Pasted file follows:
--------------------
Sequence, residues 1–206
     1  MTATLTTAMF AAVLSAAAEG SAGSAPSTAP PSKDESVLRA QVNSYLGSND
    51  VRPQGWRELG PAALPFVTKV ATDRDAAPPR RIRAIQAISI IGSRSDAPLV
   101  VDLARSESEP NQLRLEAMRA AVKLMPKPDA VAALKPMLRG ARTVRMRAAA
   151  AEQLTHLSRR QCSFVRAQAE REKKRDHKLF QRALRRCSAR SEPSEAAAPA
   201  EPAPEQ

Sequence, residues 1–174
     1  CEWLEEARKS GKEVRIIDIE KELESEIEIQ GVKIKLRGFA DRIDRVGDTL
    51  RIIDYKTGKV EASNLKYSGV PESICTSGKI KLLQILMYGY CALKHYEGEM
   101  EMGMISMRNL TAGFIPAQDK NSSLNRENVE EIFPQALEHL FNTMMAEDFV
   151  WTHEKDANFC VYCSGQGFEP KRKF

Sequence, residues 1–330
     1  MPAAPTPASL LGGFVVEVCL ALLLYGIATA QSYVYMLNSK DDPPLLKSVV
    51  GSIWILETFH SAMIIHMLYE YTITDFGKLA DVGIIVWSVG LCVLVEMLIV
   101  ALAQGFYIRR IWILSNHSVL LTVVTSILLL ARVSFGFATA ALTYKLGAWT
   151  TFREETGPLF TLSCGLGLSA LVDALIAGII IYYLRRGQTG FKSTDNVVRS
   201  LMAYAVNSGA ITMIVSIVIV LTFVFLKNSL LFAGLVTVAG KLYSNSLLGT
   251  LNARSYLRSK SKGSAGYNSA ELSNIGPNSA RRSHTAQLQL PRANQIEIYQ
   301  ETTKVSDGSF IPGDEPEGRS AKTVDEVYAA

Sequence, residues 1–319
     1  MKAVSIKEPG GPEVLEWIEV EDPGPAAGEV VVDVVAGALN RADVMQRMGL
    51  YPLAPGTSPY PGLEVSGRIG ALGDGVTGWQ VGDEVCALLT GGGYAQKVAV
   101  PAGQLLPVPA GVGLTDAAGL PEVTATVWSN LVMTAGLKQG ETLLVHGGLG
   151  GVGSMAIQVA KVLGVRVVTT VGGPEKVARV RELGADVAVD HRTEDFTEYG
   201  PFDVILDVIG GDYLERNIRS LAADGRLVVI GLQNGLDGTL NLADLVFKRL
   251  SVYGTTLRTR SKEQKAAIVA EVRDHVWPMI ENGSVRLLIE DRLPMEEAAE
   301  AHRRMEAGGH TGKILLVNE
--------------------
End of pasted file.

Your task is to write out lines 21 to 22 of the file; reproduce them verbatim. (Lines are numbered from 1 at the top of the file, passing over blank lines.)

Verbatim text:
     1  MKAVSIKEPG GPEVLEWIEV EDPGPAAGEV VVDVVAGALN RADVMQRMGL
    51  YPLAPGTSPY PGLEVSGRIG ALGDGVTGWQ VGDEVCALLT GGGYAQKVAV